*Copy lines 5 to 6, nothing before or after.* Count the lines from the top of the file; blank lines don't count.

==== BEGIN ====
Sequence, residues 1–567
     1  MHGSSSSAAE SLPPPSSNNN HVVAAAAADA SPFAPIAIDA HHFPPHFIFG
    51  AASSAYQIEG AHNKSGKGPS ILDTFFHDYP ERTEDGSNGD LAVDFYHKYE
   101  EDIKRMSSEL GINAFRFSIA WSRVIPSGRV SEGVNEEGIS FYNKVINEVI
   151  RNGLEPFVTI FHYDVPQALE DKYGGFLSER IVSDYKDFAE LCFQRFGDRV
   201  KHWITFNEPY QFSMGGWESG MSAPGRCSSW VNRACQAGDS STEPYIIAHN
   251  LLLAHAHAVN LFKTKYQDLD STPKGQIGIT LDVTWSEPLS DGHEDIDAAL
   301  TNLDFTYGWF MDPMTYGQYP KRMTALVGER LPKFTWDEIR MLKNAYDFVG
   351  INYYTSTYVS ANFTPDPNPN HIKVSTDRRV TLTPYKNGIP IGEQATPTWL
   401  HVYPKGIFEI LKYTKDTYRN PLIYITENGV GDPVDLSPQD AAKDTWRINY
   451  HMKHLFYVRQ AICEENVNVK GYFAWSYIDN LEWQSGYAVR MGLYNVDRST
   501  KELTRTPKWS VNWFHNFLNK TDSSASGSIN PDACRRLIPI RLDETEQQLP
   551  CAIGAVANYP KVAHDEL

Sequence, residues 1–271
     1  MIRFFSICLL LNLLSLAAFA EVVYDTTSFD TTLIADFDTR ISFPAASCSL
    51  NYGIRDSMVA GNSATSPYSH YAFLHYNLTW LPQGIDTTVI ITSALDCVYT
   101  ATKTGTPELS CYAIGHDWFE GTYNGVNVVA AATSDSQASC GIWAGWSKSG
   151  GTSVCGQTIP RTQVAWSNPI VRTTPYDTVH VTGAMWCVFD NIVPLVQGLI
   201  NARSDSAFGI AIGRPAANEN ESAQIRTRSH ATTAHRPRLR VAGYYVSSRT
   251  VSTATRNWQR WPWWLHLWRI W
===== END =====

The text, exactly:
   151  RNGLEPFVTI FHYDVPQALE DKYGGFLSER IVSDYKDFAE LCFQRFGDRV
   201  KHWITFNEPY QFSMGGWESG MSAPGRCSSW VNRACQAGDS STEPYIIAHN